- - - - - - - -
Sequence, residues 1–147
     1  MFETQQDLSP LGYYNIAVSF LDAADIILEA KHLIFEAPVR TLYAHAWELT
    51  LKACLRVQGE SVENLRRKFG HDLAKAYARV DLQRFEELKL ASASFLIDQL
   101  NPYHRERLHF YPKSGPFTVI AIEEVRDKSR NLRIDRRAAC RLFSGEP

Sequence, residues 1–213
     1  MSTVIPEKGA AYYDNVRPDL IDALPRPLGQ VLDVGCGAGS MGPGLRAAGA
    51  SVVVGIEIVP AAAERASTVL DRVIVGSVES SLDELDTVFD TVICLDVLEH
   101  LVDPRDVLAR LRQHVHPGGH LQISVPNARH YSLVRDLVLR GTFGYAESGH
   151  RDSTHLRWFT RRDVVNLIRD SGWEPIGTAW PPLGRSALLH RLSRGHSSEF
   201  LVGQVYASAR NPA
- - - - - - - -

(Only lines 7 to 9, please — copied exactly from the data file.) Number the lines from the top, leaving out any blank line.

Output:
    51  SVVVGIEIVP AAAERASTVL DRVIVGSVES SLDELDTVFD TVICLDVLEH
   101  LVDPRDVLAR LRQHVHPGGH LQISVPNARH YSLVRDLVLR GTFGYAESGH
   151  RDSTHLRWFT RRDVVNLIRD SGWEPIGTAW PPLGRSALLH RLSRGHSSEF